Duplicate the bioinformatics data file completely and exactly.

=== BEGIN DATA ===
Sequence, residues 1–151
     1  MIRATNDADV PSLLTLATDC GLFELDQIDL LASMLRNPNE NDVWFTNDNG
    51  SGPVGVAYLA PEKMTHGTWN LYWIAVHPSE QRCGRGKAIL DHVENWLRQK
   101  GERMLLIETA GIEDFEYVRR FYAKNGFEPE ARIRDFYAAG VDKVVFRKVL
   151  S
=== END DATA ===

Sequence, residues 1–151
     1  MIRATNDADV PSLLTLATDC GLFELDQIDL LASMLRNPNE NDVWFTNDNG
    51  SGPVGVAYLA PEKMTHGTWN LYWIAVHPSE QRCGRGKAIL DHVENWLRQK
   101  GERMLLIETA GIEDFEYVRR FYAKNGFEPE ARIRDFYAAG VDKVVFRKVL
   151  S